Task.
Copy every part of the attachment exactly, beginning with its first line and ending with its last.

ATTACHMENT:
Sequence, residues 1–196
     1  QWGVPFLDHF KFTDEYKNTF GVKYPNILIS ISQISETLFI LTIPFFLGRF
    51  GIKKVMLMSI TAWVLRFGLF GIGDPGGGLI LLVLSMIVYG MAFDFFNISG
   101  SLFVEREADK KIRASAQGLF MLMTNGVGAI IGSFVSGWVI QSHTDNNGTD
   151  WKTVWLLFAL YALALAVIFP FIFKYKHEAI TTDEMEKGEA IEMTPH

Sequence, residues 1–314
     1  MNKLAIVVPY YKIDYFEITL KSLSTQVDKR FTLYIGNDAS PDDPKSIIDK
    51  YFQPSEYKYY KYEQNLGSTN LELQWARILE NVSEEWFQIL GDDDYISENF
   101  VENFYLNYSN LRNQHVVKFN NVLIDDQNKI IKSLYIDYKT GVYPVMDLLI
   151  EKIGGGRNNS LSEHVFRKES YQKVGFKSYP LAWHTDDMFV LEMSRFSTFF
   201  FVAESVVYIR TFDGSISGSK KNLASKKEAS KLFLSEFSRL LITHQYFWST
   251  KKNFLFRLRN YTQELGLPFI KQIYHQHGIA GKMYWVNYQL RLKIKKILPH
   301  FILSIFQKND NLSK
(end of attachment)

Sequence, residues 1–196
     1  QWGVPFLDHF KFTDEYKNTF GVKYPNILIS ISQISETLFI LTIPFFLGRF
    51  GIKKVMLMSI TAWVLRFGLF GIGDPGGGLI LLVLSMIVYG MAFDFFNISG
   101  SLFVEREADK KIRASAQGLF MLMTNGVGAI IGSFVSGWVI QSHTDNNGTD
   151  WKTVWLLFAL YALALAVIFP FIFKYKHEAI TTDEMEKGEA IEMTPH

Sequence, residues 1–314
     1  MNKLAIVVPY YKIDYFEITL KSLSTQVDKR FTLYIGNDAS PDDPKSIIDK
    51  YFQPSEYKYY KYEQNLGSTN LELQWARILE NVSEEWFQIL GDDDYISENF
   101  VENFYLNYSN LRNQHVVKFN NVLIDDQNKI IKSLYIDYKT GVYPVMDLLI
   151  EKIGGGRNNS LSEHVFRKES YQKVGFKSYP LAWHTDDMFV LEMSRFSTFF
   201  FVAESVVYIR TFDGSISGSK KNLASKKEAS KLFLSEFSRL LITHQYFWST
   251  KKNFLFRLRN YTQELGLPFI KQIYHQHGIA GKMYWVNYQL RLKIKKILPH
   301  FILSIFQKND NLSK